The SEC continued with its “broken windows” approach to enforcement this week, filing a group of 34 actions based on the failure to file either a Form 4, Schedule 13D or Schedule 13G. The agency also filed an action alleging that a bank failed to properly disclose its non-accruing loans, another based on a concealed ownership scheme and one centered on portfolio pumping.
Office: The SEC announced the creation of the Division of Economic and Risk Analysis or DERA within the Division of Economic and Risk Analysis. It will coordinate efforts to provide data-driven risk assessment tools and models.
Testimony: Chair Mary Jo White testified before the Senate Committee on Banking, Housing and Urban Affairs (Sept. 9, 2014). Topics discussed included progress on Dodd-Frank, credit ratings, asset backed securities, municipal securities, private fund adviser registration, derivatives, clearing agencies, the Volker rule, corporate governance and executive compensation, the whistleblower program, investment adviser and broker dealer standards of conduct, specialized disclosure provisions, exempt offerings, customer data protection and agency resources (here).
Remarks: Norm Champ, Director, Division of Investment Management, addressed the Practicing Law Institute, Hedge Fund Management Seminar 2014, New York, N.Y. (September 11, 2014). His remarks covered topics which included what the Division knows about the industry, risk monitoring, compliance and examinations and alternative mutual funds (here).
Testimony: Chairman Timothy Massad testified before the Senate Committee on Banking, Housing and Urban Affairs (Sept. 9, 2014). His testimony reviewed the role of the agency in derivative oversight, the implementation of Dodd-Frank, clearing, trading and the agenda going forward which includes competing the Dodd-Frank rules and robust compliance and enforcement (here).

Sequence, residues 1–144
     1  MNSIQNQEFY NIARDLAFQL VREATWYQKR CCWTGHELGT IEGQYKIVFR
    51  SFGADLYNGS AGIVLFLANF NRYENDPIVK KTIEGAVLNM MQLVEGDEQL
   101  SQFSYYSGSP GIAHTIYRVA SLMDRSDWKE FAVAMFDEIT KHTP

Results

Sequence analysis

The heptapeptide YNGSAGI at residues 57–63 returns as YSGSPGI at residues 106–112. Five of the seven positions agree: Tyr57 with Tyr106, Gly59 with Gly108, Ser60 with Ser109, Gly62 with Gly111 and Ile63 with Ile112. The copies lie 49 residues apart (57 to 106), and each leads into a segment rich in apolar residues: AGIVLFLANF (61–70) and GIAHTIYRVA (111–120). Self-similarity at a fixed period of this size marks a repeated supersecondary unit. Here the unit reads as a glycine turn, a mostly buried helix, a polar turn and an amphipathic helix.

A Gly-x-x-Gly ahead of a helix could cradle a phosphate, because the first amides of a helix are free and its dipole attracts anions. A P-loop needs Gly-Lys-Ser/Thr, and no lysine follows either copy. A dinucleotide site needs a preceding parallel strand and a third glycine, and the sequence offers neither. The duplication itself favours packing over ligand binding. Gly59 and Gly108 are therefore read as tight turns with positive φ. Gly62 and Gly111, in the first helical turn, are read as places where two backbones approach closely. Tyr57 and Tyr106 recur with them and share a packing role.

SEC Enforcement – Filed and Settled Actions
Statistics: This week the SEC filed 2 civil injunctive action and 37 administrative proceedings, excluding 12j and tag-along-actions.
Disclosure: In the Matter of Wilmington Trust Corporation, Adm. Proc. File No. 3-16098 (September 11, 2014) is a proceeding against the bank alleging that it had deficient underwriting and loan monitoring controls and failed to take appropriate action on many of its matured loans for protracted periods. As a result the bank omitted almost $339 million in matured loans past due 90 days or more from its disclosures for the third quarter of 2009. Similarly it omitted over $330 million in matured loans past due 90 days or more from its year end 2009 Form 10-K. When the bank decided to address this issue the next year, it negligently implemented various practices and full disclosure still was not made. In addition, in its Form 10-Q for the third quarter of 2009, and its Form 10-K for 2009, the firm negligently failed to disclosure significant increases in its non-accruing loans in accord with its policy. The Order alleges violations of Securities Act Sections 17(a)(2) and (3) and Exchange Act Sections 13(a), 13(b)(2)(A) and 13(b)(2)(B). To resolve the proceeding the bank consented to the entry of a cease and desist order based on the Sections cited in the order. It also agreed to pay disgorgement of $16 million along with prejudgment interest.